The theoretical center of my research is rooted in my experiences as a member of the UCSD Laboratory of Comparative Human Cognition (LCHC), an incubator for interdisciplinary, cross-cultural research where sociocultural theories of human cognition were routinely tested at various sites hosted by community partners across San Diego County. Due in part to my background as a classroom teacher and my expertise in working with educational technologies, I was provided the opportunity to direct the UCSD Community Stations Initiative. This was a major collaborative program focused on teaching digital media production to high school students from Southeast San Diego, while simultaneously field-testing new communication systems developed at the UCSD division of the California Institute for Telecommunications and Information Technology (Calit2, now known as the Qualcomm Institute). The primary objective of the UCSD Community Stations Initiative was to link our main campus to each of our community partners through a multimodal communication network that would enable interactions that focused on STEM education. The ultimate goal was to bring at least two distinct “community stations” online, while the third UCSD-based station would organize ongoing educational activities, taking advantage of the technology and facilities provided by Calit2. One of my forthcoming papers is titled “The UCSD Community Stations Initiative: Transitioning From The Imagined To The Implemented” and details my work directing this innovative project. I am also currently processing the vast amount of data I collected during the Community Stations Initiative, preparing it for publication in the near future.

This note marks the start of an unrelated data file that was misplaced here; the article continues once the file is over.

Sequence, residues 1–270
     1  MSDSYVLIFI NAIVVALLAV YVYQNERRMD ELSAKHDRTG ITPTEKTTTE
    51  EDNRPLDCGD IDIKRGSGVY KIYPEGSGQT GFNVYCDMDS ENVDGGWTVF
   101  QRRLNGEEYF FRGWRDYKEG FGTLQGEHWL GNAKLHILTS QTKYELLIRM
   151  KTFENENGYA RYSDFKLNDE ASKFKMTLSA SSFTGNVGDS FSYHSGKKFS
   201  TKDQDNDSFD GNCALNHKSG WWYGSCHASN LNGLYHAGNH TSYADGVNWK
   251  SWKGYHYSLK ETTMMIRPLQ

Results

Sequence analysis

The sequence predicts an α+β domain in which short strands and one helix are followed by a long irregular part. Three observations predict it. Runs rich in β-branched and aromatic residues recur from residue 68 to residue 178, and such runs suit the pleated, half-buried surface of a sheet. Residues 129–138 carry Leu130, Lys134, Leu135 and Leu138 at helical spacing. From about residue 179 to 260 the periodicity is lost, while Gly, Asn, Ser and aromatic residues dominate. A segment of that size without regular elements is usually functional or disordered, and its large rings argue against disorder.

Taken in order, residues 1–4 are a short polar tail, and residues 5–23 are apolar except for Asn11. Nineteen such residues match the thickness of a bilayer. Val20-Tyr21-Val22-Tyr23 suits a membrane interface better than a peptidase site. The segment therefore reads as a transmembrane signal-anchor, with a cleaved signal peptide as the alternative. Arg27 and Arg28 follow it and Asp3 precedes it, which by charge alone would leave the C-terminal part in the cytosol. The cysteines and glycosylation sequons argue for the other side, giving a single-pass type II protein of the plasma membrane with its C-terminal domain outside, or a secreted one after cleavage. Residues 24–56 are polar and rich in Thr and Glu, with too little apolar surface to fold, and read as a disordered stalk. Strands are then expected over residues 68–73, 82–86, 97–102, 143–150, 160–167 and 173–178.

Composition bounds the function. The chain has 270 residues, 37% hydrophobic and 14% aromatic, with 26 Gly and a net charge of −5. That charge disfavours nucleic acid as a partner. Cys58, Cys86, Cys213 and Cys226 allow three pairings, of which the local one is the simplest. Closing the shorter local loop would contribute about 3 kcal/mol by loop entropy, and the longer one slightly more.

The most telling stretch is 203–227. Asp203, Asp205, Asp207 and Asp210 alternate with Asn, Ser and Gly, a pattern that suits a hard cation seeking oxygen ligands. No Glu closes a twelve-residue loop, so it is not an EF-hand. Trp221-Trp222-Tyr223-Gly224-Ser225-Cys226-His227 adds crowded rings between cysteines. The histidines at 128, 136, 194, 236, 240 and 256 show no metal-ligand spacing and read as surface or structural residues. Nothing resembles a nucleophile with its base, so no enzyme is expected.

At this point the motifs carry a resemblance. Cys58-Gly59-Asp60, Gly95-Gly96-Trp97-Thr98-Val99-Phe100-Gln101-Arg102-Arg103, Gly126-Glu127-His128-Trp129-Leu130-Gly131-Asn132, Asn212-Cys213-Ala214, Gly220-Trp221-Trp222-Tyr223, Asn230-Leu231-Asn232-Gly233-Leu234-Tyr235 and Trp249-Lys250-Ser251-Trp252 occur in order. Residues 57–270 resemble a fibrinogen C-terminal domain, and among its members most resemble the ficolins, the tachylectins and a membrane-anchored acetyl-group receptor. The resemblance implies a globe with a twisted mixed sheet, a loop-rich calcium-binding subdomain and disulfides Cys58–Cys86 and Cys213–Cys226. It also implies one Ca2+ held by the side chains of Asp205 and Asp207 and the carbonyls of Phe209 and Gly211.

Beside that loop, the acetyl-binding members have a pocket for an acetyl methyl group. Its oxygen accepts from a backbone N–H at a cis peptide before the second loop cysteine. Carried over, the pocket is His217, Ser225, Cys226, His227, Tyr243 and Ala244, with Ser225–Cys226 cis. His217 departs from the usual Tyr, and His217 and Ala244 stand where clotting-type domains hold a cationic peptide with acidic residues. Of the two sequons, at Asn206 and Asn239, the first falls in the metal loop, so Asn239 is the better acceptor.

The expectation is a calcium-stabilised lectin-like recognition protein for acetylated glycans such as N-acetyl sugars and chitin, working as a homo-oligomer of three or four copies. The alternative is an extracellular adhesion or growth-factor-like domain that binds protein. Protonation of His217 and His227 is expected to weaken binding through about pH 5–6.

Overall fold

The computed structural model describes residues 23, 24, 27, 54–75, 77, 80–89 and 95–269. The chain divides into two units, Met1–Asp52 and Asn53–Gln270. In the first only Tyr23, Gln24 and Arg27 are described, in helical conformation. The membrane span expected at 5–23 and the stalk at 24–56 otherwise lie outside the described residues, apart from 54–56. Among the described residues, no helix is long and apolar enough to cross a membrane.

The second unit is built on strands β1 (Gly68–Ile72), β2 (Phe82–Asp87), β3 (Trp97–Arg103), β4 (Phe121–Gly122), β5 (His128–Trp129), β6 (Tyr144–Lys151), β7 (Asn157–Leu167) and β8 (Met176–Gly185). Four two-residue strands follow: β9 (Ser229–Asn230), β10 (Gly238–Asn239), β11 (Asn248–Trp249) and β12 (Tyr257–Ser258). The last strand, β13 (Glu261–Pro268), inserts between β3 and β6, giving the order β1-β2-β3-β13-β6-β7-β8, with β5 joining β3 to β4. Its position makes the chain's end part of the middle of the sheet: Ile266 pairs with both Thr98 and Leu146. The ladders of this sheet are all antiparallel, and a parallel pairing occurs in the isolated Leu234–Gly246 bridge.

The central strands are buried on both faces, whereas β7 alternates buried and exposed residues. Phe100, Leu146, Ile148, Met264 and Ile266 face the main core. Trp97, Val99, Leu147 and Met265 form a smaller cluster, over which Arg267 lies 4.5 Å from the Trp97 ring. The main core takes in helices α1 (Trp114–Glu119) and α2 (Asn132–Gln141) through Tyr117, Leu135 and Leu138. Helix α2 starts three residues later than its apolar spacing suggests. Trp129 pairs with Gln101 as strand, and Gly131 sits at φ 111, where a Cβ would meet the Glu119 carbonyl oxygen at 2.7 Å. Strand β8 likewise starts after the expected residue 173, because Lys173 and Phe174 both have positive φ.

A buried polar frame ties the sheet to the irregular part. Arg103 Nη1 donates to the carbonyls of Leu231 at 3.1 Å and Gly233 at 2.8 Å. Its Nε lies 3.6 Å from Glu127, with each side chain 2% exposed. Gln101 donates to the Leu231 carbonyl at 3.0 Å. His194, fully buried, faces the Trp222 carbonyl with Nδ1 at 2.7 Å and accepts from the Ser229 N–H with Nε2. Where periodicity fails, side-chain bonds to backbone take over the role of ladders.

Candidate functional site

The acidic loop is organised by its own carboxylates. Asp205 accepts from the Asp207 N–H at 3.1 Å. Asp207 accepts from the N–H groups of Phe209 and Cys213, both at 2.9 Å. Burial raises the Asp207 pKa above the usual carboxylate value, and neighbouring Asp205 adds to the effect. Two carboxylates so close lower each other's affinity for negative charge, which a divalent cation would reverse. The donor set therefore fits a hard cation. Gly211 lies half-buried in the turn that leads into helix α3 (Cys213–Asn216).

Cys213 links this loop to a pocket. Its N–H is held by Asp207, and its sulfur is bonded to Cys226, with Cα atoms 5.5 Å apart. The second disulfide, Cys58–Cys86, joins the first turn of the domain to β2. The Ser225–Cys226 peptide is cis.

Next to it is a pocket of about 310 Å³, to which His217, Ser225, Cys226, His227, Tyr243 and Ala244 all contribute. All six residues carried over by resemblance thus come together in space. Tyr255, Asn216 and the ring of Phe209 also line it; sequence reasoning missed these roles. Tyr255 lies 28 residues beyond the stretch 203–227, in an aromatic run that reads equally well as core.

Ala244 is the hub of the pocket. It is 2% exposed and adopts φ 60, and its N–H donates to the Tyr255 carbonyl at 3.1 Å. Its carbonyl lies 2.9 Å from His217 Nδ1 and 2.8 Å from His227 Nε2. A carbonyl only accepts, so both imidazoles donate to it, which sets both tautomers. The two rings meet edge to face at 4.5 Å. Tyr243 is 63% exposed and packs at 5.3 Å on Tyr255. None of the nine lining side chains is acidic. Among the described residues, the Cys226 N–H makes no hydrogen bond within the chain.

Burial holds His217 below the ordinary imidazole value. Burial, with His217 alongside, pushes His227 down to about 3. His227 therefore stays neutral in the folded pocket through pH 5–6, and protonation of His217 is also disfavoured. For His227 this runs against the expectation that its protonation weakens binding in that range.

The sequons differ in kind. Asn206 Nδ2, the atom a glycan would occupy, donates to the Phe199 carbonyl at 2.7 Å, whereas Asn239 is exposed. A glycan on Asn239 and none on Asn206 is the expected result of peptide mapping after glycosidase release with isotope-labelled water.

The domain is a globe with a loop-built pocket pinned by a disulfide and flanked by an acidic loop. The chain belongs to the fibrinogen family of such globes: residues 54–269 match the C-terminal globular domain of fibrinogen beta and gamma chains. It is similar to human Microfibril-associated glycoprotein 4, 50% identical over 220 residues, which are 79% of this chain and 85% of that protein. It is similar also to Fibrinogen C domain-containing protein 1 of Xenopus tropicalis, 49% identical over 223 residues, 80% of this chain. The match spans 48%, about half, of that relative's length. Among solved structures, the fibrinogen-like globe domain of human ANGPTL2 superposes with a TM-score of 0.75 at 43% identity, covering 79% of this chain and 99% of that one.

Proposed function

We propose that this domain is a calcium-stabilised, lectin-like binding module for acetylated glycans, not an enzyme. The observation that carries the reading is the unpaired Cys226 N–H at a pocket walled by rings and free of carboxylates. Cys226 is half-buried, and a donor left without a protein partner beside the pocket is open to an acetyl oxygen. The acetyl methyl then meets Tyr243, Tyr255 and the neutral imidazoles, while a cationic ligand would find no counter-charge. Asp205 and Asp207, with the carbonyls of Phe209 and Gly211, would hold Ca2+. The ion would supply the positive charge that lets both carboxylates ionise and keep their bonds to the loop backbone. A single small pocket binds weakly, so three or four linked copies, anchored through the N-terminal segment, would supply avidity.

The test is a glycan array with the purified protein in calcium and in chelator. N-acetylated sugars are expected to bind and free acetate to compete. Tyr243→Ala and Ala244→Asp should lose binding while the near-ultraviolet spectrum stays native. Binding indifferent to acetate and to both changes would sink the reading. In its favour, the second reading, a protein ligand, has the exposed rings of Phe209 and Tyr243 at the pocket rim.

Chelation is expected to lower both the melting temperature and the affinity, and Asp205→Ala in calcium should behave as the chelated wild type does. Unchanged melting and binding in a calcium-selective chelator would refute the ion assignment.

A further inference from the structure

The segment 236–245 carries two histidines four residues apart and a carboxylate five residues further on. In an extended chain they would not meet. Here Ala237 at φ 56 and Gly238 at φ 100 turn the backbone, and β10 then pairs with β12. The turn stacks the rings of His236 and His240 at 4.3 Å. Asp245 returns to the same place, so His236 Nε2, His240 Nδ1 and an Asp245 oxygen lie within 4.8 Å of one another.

This pedagogical thread continues into the present through my current teaching assignment at UCSD – an upper division 6-unit practicum course that is part of a program called La Clase Mágica (LCM). La Clase Mágica emerged out of LCHC to become a leading site of innovative cross-cultural research focusing on education, bilingualism, second language acquisition, and technology. My responsibilities in teaching the LCM practicum course include introducing UCSD undergraduates to the most pertinent features of sociocultural theory, while also training them to conduct cross-cultural research with children from ethnically and linguistically diverse San Diego communities. This LCM practicum course showcases two unique community partnerships; the first is with St. Leo’s Mission located in the working class community of La Colonia de Eden Gardens, where an after school program serves a population of bilingual elementary school age children who are primarily of Mexican heritage. The second LCM community partnership is with the San Pascual Band of Kumeyaay Indians, where my UCSD undergraduate students support a Kumeyaay-led program that promotes the recovery of the native Ipai language among elementary school age children that live on the Reservation. At both sites, UCSD undergraduate researchers interact with children while learning how to develop and conduct research that is both culturally sensitive and theoretically rigorous. The kind of “observant participant” context created by this unique type of action research and LCM’s tradition of detailed documentation in the form of written fieldnotes, provide me with a rich source of data for developing a cross-cultural research agenda focused on bilingualism, learning and development.